I have never been a quilter. Now among 30-somethings in Los Angeles this is not unusual. But it is actually a bit of a surprise considering quilting fits right into my skill-set and, to a certain extent, my aesthetic. I spent much of my childhood sewing, mostly clothes, but some home goods, pillows, a dust ruffle, etc. Never quilts. I even worked as a seamstress in college and ended up as the hand sewing specialist. My hems are indeed invisible, but I never translated that skill into hand quilting.
One of my memories relating to my baby brother’s birth is sitting under the quilting frame in my grandmother’s living room watching the ladies tie a quilt for him, but by the time I was grown up enough to help I didn’t want to.
I remember visiting my best friend’s aunt when we were 15, she was a young mom recently home with the baby, and had started quilting. When she talked about it, it seemed like such a throw-back to earlier times. However, the designs she was working on were not so much pioneer, but simple bold graphics. More like Dwell Bedding and less like musty attic. After talking to her, I remember thinking quilting seemed like something to be admired, it was a lot of work and the end product could be beautiful.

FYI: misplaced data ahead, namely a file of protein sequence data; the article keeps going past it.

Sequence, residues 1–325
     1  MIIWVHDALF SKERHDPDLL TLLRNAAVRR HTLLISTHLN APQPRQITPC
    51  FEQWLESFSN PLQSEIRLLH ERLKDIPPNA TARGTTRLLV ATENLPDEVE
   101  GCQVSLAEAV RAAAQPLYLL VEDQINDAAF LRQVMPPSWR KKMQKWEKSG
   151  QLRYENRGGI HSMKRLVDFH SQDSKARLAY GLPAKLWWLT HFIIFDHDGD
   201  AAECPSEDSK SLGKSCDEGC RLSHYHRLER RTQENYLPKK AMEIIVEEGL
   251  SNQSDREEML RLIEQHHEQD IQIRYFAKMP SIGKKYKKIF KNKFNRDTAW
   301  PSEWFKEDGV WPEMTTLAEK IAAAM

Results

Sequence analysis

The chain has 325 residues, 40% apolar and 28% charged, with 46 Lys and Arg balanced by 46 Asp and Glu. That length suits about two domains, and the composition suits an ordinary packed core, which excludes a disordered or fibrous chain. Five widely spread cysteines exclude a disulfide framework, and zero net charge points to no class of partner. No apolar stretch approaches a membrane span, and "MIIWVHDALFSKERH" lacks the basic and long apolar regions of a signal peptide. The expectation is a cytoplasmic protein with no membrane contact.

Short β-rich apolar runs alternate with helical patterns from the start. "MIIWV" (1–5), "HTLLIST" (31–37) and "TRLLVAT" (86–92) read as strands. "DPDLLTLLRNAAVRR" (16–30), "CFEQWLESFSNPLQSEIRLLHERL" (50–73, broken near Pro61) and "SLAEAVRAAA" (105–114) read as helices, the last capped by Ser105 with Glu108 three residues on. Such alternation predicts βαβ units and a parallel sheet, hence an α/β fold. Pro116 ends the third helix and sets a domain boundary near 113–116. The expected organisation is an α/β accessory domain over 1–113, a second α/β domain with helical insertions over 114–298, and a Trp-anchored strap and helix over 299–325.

In previous generations, quilting was a social event. You left with a lot of work done on your quilt and renewed friendships.
There are (at least) two layers of design happening here. The quilts themselves are amazing, hand crafted works, but they could have been displayed in a pedestrian manner. Instead, this incredible display (with incredible lighting) makes an amazing exposition.
All the quilts are from the collection of Joanna S. Rose. Her husband asked what she wanted for her 80th birthday, and this free, public display of her red and white quilt collection was what she choose.
The turkey-red color was very popular for hundreds of years because of it’s color fastness. It would not run when you washed it and would not fade when exposed to sunlight. Within the same color scheme the amazing variety of pattern is what makes this display something special.
The oldest quilt is dated 1857, and there were no two alike in the 650 that make up the exhibition. The thousands and thousands of hours of handwork on display here boggle the mind.
First and last images from the American Folk Art Museum website here
The quilts were on display March 25 – 30, 2011 at the Park Avenue Armory’s 55,000-square-foot drill hall in NYC.